- Person with a Disability. The RE @ CSU students will meet with a person with a disability related to the students’ research and bring back those experiences to the other members of the learning community.
RE @ CSU Seminar Series
Each week the integrated learning communities will come together at the RE @ CSU Seminar. The entire group of REU students along with CSU undergraduate and graduate students, faculty mentors, clinical partners, and persons affected by disabilities will participate during the seminars. Each seminar will last for two hours. The first 45 minutes will be instructional. The next 30 minutes will be a working lunch where students interact with each other, their mentors, and/or any panel members. The final 45 minutes will be interactive where students are giving and soliciting feedback relevant to the seminar topic.
Seminar Topics Include
- Orientation, expectations, and professionalism
- Faculty mentor research overviews
- Individuals with disabilities panel
- Engineering and health professional interdisciplinary panel
- Interdisciplinary discussions of student research plans
- Research ethics/human subjects research
- Job search workshop
- How to give a research talk or poster presentation workshop
- Graduate school application workshop
- Mini-conference with local high school students
The series is designed to immerse the REU students in rehabilitation research by hearing perspectives of other laboratory groups and of patients and medical professionals, to motivate REU students by showing them the impact they can make in engineering and computer science, and to engage REU students with stakeholders in their learning process. The job search, graduate school application, and the research ethics seminar will give REU students specific tools to empower students to take the next steps in their careers. The interdisciplinary discussions of research plans workshop, presentation seminar, and the mini-conference with local will help REU students develop the skills to communicate with broader audiences.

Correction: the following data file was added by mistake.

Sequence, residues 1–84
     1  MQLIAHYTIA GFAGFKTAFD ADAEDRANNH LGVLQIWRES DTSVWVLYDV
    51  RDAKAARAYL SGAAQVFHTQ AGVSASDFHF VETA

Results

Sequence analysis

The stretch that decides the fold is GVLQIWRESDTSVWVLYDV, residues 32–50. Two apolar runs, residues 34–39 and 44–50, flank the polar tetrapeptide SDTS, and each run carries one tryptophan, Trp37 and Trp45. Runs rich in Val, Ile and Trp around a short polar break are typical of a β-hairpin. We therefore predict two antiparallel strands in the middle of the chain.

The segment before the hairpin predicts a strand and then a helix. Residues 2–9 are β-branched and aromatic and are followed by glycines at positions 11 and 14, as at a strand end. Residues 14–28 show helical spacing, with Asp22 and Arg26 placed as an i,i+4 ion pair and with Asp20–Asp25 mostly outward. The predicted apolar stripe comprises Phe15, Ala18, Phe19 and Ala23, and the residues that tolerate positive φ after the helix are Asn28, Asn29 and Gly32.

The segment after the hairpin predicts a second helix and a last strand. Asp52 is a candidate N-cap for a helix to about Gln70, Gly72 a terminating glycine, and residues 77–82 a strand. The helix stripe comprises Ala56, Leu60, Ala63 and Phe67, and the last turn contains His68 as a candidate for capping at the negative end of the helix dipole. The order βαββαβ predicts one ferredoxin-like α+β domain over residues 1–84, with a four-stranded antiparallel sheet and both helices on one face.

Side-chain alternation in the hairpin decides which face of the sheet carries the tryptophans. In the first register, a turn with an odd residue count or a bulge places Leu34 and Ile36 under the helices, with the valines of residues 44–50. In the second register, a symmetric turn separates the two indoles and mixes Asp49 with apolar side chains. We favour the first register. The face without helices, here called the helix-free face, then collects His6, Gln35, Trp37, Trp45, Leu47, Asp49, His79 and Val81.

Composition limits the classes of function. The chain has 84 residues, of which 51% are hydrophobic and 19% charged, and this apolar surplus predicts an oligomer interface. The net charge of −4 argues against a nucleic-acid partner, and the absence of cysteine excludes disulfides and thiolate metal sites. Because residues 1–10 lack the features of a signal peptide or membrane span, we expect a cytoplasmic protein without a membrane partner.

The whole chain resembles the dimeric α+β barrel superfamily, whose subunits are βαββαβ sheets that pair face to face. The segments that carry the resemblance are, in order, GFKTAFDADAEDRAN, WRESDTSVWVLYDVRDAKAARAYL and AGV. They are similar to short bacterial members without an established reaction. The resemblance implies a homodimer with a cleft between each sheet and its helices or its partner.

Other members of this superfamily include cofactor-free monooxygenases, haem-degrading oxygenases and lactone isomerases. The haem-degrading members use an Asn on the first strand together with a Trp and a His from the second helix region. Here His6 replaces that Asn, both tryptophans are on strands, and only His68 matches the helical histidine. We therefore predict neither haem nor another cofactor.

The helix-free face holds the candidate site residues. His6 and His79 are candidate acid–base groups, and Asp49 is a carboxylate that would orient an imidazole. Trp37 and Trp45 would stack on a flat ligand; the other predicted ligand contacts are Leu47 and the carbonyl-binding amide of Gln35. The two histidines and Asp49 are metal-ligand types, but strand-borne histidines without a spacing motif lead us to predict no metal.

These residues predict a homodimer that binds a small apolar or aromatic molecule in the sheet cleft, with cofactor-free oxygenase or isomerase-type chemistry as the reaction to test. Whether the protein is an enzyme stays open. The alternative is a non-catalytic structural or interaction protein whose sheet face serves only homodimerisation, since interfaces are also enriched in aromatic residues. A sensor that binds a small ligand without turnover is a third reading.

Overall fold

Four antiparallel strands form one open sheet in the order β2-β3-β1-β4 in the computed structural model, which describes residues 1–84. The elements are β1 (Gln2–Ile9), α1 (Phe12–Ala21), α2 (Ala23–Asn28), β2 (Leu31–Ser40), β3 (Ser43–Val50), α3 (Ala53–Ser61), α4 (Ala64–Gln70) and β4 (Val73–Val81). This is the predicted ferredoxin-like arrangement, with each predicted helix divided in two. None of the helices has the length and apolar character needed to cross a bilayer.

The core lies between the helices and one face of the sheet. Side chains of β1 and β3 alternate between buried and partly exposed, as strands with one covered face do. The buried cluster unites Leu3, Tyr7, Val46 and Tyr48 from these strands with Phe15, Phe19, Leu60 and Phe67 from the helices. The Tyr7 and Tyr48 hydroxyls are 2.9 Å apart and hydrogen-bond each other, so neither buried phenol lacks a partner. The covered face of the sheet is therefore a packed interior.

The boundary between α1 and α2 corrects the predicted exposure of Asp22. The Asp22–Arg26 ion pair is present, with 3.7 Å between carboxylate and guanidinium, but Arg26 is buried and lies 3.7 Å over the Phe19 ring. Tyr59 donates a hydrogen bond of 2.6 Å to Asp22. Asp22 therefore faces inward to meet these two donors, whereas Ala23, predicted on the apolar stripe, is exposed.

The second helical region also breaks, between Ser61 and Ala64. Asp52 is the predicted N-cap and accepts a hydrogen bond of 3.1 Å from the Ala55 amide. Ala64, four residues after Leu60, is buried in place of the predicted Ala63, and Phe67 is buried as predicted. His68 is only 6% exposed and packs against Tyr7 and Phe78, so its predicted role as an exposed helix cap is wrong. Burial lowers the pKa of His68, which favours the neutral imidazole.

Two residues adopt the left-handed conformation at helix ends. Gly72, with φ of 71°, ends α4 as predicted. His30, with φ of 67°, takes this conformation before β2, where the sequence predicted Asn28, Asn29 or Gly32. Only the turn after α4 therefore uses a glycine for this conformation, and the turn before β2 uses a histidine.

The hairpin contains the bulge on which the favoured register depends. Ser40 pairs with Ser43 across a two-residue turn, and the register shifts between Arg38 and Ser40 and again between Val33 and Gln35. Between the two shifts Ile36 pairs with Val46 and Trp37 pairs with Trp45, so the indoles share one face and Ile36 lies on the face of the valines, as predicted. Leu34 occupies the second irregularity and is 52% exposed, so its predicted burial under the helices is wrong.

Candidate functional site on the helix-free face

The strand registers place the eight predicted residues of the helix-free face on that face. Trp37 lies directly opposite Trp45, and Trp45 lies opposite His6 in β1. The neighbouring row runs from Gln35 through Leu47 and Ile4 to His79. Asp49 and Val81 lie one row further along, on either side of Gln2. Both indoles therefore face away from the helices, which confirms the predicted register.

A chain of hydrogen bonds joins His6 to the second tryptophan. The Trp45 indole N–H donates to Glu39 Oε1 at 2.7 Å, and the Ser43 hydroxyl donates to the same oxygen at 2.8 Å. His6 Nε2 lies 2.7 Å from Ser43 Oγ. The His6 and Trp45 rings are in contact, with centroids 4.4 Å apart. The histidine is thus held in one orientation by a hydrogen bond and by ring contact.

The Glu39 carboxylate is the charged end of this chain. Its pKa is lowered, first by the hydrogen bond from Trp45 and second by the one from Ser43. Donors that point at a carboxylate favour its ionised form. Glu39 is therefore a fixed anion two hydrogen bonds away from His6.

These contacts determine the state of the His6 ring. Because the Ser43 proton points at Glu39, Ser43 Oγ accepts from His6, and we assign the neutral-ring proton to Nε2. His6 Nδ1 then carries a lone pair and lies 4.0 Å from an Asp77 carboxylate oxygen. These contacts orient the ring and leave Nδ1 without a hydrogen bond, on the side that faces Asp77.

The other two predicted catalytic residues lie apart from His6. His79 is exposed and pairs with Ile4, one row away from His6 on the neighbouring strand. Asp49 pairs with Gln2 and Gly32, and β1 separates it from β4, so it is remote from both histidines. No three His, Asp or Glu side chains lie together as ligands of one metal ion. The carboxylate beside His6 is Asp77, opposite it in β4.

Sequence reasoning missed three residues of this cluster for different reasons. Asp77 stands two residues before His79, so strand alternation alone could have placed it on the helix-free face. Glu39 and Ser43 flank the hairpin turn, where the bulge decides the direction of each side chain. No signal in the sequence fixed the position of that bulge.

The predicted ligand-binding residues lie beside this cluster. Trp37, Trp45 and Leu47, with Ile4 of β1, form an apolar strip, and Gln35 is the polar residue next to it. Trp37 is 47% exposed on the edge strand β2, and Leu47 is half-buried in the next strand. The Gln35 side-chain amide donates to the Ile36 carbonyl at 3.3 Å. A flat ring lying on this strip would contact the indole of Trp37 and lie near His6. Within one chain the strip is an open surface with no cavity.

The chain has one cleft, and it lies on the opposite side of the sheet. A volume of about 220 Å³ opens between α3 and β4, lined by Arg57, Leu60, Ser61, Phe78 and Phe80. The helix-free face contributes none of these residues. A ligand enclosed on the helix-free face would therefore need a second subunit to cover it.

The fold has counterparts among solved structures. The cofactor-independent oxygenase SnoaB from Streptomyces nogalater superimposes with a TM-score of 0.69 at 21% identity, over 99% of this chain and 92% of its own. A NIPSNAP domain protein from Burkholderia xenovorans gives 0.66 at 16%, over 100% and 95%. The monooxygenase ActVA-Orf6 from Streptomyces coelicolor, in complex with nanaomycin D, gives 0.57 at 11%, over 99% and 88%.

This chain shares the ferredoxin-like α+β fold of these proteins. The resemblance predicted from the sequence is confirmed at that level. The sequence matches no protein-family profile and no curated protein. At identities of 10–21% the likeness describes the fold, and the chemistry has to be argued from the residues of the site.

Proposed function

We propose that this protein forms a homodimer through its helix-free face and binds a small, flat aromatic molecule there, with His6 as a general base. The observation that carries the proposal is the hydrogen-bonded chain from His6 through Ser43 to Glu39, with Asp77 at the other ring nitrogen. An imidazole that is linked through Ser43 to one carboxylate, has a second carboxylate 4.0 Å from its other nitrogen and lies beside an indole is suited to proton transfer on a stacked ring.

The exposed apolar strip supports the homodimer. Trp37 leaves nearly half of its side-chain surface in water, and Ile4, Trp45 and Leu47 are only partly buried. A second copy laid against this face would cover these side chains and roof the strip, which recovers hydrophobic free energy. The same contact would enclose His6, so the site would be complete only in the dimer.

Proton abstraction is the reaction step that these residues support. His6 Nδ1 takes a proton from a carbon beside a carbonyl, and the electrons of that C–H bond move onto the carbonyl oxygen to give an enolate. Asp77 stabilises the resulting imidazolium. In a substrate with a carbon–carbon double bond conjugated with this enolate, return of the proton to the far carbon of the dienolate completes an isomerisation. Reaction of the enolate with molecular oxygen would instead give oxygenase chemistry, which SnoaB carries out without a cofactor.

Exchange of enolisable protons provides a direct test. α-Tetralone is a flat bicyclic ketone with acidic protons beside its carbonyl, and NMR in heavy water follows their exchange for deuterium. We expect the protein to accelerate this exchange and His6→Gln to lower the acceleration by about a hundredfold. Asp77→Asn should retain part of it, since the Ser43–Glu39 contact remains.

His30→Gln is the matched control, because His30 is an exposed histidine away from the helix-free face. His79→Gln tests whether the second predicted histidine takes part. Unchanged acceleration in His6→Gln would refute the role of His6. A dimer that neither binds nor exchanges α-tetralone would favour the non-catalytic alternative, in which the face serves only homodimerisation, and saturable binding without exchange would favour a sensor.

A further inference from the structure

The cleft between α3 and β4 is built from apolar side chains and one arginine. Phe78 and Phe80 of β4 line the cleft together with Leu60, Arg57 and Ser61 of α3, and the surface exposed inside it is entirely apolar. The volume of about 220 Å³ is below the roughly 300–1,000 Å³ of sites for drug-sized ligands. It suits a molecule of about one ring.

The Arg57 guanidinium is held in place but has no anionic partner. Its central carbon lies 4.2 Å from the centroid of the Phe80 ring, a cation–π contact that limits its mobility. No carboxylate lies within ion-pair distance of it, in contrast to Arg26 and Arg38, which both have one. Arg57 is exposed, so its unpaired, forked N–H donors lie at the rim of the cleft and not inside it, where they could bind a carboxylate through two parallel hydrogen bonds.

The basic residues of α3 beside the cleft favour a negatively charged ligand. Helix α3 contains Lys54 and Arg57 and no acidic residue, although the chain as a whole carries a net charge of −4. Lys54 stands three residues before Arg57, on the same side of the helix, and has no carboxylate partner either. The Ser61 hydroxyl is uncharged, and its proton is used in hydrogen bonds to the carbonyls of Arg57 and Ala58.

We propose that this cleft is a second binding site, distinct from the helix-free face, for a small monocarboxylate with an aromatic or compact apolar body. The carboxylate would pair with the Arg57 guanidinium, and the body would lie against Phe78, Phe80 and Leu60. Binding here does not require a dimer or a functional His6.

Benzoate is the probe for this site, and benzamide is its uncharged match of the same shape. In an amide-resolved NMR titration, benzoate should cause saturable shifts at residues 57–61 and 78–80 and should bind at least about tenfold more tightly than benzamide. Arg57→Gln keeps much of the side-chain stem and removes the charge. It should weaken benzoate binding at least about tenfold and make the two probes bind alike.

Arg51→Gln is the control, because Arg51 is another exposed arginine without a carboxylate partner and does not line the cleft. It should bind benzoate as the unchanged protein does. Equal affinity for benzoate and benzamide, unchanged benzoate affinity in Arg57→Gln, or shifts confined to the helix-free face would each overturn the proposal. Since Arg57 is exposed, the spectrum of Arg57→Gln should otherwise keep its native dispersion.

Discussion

Health Care and Patient Experiences
Each student will have at least three interactions with people who have limited use of their arms or legs along with the health care professionals who work with these people. Two of these interactions will occur within the large community during the RE @ CSU seminars. After each of the panel discussions each panel member will then join an integrated learning community for lunch and an informal small group discussion. At least one other interaction will take place in a clinical research laboratory or an operating room. This interaction aims to get the students off campus and in an environment where technology they develop is applied. Specific examples of these interactions for the integrated learning communities are described in Student Projects.
Each RE @ CSU student will keep a journal documenting interactions with patients and health care professionals. Before each interaction the student will write down her perceptions of the people she will meet, questions, any anxieties about the interaction, and an idea about technology that might be useful to the patient or health care professional. After each session the student will write down whether or not her perceptions were accurate, answers to questions, whether any anxieties were lessened or increased or changed in nature, and a revised idea about technology. Each integrated learning community will discuss these patient interactions.
During the final week of the summer program we will host students from MC2STEM High School, which is housed on the CSU campus, for a mini-conference. The REU students will give 15-minute presentations followed by discussion to small groups of high school students in seminar-style classrooms. After the presentations, the REU students and the high school students will share a picnic lunch. After lunch the REU students will give lab tours to the high school students.
My STEM Story Videos
Each RE @ CSU student will be featured in a “My STEM Story” video. The students will tell their personal stories about how they became interested in engineering or computer science, what they did over the summer, and what they plan to do in the future. To prepare for the videos students will keep journals throughout the summer with their impressions of their experiences and use material from their journals to write one-page scripts for their videos.
The goal for each RE @ CSU student is to submit an abstract and present her research at a technical meeting where other researchers can learn from and build upon the findings of the research. The particular conference will depend on the quality of the student’s research and the area of research. We expect many students will present at a regional or student conference, but exceptional students will submit to conferences with higher peer review standards. Additionally, some students will likely be coauthors on journal or conference papers for which their faculty or graduate student mentors are primary authors.